Many people have asked me what are the keys to successful organizational change? The kind of change that will actually stick? This happened most recently late in the spring, when I facilitated a workshop on this topic at the American Society of Quality (ASQ) annual Cowtown Roundup in Fort Worth.
The best-selling business book I co-authored with Bill Lee, Organizing Change (Jossey Bass/Pfeiffer, 2003) had three guiding principles:
inclusive – involve as many people as possible, and as deep in the organization as possible, in that it is difficult to not support a change initiative you helped create
systematic – follow a logical set of steps to phase in the stages of the change initiative.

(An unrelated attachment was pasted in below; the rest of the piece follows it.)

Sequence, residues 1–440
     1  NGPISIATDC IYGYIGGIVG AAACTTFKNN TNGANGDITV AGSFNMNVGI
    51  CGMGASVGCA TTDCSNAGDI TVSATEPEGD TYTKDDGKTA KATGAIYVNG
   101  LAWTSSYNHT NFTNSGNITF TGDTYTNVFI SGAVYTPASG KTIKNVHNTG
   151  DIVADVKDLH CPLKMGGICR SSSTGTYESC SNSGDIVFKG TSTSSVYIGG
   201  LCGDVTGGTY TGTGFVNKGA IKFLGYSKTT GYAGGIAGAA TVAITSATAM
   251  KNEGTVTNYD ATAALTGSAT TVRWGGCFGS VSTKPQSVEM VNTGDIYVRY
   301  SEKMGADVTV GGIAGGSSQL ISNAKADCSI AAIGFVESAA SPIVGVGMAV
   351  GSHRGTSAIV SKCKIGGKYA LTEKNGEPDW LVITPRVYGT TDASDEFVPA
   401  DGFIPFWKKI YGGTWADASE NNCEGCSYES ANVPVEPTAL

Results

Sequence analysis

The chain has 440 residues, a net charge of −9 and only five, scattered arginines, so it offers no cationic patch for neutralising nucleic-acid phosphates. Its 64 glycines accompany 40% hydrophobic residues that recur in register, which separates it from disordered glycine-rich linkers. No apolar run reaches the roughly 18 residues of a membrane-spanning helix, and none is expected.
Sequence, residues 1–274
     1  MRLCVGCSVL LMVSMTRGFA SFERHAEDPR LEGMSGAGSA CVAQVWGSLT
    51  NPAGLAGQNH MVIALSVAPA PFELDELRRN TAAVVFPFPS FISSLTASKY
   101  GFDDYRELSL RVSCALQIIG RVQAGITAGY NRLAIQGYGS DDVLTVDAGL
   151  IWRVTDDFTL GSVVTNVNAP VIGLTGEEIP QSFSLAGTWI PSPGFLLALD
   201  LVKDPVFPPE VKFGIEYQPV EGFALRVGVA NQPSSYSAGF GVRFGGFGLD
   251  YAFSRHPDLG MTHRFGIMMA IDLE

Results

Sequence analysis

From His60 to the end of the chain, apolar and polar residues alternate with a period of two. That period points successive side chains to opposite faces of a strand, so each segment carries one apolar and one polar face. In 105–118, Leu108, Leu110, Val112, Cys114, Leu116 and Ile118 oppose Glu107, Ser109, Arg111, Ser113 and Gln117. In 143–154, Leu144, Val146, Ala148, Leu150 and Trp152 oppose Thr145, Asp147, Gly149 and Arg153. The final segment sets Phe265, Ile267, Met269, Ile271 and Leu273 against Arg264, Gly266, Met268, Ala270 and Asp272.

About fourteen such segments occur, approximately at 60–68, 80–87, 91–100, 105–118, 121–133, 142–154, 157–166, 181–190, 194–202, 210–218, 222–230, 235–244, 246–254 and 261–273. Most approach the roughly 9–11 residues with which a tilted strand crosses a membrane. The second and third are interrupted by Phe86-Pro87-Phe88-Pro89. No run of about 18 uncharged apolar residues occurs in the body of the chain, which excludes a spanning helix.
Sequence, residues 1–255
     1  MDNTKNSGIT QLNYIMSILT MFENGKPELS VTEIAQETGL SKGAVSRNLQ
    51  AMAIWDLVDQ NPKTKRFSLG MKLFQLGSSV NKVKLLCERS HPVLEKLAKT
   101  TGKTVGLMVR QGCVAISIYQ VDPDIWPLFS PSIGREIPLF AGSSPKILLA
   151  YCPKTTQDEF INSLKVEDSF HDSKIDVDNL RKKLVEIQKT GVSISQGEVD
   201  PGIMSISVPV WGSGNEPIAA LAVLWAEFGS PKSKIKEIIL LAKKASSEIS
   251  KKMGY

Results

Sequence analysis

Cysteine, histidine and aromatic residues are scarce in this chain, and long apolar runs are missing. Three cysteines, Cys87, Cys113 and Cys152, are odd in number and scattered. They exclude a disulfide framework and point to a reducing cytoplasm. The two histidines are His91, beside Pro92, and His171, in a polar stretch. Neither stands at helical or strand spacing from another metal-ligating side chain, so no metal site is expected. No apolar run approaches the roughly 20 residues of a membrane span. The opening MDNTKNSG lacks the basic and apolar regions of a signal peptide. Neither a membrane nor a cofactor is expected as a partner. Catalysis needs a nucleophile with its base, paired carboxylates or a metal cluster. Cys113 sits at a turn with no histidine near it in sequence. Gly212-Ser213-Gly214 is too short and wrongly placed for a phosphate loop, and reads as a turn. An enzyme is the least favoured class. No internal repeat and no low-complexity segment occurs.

systemic – consider the impact of the change initiative on other units of the organization, as well as other organizations, consumers, and other environmental factors, and not just your own.
However, the first step is do not announce the change initiative! Never begin change with the change. Acknowledge the problem. Investigate. Discover. Observe. Ask questions. Listen. Learn. In some cases, a problem does not even warrant a change. In others, after conducting such due diligence, the change initiative that you actually promote may be entirely different from what you originally thought.
In other words, go slow. Be thorough. Find out what is going on. Many change initiatives fail because they are simply not proper and appropriate for the purported problem they are intended to correct.